(If you self-categorise according to those meaningful sounding lifestyle categories, I wonder how well it would match the profile Tesco has allocated to you?!)

It’s quite interesting to see what other players in the area think is important, too. One way of doing this is to have a look around at who else is speaking at the trade events Giles Pavey turns up at. For example, earlier this year was a day of impressive looking talks at The Business Applications of Marketing Analytics.

Not sure what “Marketing Analytics” are? Maybe you need to become a Master of Marketing Analysis to find out?! Here’s what appears to be involved:

The course website also features an interview with three members of dunnhumby: Orlando Machado (Head of Insight Analysis), Martin Hayward (Director of Strategy) and Giles Pavey (head of Customer Insight) [view it here].

You can see/hear a couple more takes on dunnhumby here:
Martin Hayward, Director of Consumer Strategy and Futures at dunnhumby on the growth of dunnhumby;
Life as an “intern” at dunnhumby.

And here’s another event that dunnhumby presented at: The Future of Geodemographics – 21st Century datasets and dynamic segmentation: New methods of classifying areas and individuals. Although the dunnhumby presentation isn’t available for download, several others are. I may try to pull out some gems from them in a later post, but in the meantime, here are some titles to try to tease you into clicking through and maybe pulling out the nuggets, and adding them as comments to this post, yourself:
Understanding People on the Move in London (I/m guessing this means “Oyster card tracking”?!);
Geodemographics and Privacy (something we should all be taking an interest in?);
Real Time Geodemographics – New Services and Business Opportunities from Analysing People in Time and Space: real-time? Maybe this ties in with things like behavioural analytics and localised mobile phone tracking in shopping centres?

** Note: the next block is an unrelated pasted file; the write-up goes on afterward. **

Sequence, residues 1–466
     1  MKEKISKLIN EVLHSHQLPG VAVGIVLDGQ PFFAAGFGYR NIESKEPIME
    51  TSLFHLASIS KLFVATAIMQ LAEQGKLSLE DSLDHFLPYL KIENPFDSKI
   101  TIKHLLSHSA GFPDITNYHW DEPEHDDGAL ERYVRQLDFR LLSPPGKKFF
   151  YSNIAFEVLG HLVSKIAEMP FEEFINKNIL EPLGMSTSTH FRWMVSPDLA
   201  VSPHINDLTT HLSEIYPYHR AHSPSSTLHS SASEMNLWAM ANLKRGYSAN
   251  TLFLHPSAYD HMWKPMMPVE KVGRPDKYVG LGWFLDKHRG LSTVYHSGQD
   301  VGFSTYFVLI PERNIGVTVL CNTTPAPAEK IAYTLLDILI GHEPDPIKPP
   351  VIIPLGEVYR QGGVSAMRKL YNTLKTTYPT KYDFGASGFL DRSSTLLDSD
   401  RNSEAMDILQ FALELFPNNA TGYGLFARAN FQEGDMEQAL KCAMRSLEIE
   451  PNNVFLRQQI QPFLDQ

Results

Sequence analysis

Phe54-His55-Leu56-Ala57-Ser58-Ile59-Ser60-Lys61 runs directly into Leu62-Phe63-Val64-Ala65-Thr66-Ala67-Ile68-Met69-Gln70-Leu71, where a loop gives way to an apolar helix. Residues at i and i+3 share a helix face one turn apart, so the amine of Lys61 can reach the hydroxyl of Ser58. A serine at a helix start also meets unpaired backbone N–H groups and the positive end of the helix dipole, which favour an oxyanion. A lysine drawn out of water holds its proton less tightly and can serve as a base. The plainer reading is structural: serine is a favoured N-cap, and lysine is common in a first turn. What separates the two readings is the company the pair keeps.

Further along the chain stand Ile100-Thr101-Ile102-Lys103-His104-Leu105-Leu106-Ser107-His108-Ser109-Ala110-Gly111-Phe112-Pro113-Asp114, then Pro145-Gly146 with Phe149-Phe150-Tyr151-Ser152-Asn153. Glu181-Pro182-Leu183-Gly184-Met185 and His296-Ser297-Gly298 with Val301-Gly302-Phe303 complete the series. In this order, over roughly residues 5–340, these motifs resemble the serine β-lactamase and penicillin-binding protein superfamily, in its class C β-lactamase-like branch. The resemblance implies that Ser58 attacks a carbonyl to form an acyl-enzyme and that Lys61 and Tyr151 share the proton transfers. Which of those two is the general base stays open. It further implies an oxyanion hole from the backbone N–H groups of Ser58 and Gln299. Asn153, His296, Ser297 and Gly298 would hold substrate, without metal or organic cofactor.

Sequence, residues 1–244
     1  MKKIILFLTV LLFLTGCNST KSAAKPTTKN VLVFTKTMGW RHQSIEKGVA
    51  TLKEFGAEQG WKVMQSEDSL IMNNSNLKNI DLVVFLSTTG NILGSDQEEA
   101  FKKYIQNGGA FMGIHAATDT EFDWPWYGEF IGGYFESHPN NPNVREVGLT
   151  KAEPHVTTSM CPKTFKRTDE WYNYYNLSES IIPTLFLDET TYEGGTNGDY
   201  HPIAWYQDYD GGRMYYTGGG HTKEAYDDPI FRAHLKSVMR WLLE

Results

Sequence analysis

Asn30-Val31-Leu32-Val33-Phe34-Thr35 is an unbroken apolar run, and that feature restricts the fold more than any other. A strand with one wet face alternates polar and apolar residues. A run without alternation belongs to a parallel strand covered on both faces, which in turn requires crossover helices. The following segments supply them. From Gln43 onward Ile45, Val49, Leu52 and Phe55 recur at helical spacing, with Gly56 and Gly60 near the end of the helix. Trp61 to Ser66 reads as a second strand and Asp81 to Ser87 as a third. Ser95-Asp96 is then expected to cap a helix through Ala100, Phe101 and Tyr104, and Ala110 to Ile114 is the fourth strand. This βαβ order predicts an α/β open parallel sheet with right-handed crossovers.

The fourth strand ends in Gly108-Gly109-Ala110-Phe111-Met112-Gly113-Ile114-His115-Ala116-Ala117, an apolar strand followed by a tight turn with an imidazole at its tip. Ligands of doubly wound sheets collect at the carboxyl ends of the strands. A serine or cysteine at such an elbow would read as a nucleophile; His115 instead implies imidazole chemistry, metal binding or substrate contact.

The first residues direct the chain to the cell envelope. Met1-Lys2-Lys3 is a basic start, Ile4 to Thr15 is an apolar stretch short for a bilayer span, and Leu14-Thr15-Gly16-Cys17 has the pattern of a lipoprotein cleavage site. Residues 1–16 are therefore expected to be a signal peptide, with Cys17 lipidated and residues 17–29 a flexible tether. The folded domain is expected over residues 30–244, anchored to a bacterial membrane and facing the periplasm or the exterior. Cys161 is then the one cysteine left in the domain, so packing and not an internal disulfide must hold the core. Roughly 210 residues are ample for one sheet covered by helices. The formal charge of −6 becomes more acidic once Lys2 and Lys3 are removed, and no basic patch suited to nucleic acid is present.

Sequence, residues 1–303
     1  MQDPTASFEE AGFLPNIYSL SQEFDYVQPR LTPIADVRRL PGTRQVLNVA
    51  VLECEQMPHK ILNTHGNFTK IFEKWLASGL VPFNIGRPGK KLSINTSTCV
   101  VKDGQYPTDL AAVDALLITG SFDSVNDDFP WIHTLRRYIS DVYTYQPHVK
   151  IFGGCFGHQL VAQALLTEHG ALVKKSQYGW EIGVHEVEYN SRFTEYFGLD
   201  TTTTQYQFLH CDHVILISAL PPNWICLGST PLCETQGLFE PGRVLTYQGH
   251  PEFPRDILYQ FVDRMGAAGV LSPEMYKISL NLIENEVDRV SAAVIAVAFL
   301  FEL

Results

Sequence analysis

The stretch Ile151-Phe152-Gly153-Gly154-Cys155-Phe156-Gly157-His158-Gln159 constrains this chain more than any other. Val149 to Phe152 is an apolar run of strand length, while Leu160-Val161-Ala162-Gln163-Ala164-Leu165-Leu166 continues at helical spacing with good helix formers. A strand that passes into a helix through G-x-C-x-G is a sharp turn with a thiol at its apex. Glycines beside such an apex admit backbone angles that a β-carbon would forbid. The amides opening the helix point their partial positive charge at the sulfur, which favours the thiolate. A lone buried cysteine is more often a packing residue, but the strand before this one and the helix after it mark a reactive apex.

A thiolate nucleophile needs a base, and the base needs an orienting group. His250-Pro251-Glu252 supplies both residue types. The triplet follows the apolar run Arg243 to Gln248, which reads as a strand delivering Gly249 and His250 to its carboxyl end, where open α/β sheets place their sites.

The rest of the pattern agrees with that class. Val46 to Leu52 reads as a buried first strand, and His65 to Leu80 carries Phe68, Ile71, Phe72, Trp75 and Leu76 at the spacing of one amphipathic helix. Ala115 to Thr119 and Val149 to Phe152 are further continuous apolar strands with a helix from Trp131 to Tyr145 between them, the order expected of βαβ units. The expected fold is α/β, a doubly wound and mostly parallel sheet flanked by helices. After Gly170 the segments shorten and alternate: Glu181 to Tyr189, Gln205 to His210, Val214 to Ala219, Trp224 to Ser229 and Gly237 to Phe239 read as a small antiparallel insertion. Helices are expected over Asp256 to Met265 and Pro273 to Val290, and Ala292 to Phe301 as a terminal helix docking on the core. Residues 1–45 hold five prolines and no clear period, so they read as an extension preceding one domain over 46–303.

So what are “geodemographics: (or “geodems”, as they’re known in the trade;-)? No idea – but I’m guessing it’s the demographics of a particular locales?

Here’s one of the reasons why Tesco are interested, anyway:

An finally (for now at least…) it seems that Tesco and dunnhumby may be looking for additional ways of using Clubcard data, in particular for targeted advertising:

Tesco is working with Dunnhumby, the marketing group behind Tesco Clubcard, to integrate highly targeted third-party advertising across Tesco.com when the company’s new-look site launches next year.
Jean-Pierre Van Lin, head of markets at Dunnhumby, explained to NMA that, once a Clubcard holder had logged in to the website, data from their previous spending could be used to select advertising of specific relevance to that user.
[Ref: Tesco.com to use Clubcard data to target third-party advertising (thanks, Ben:-)]

Now I’m guessing that this will represent a change in the way the data has been used to date – so I wonder, have Tesco ClubCard Terms and Conditions changed recently?

Looking at the global reach of dunnhumby, I wonder whether they’re building capacity for a global targeted ad service, via the back door?

Does it matter, anyway, if profiling data from our offline shopping habits are reconciled with our online presence?

In “Diving for Data”, (Supermarket News, 00395803, 9/26/2005, Vol. 53, Issue 39), Lucia Moses reports that the Tesco Clucbcard in the UK “boasts 10 million households and captures 85% of weekly store sales”, along with 30% of UK food sales. The story in the US could soon be similar, where dunnhumby works with Kroger to analyse “6.5 million top shopper households”, (identified as the “slice of the total 42 million households that visit Kroger stores that drive more than 50% of sales”). With “Kroger claim[ing] that 40% of U.S. households hold one of its cards”, does dunnhumby’s “goal … to understand the customer better than anyone” rival Google in its potential for evil?!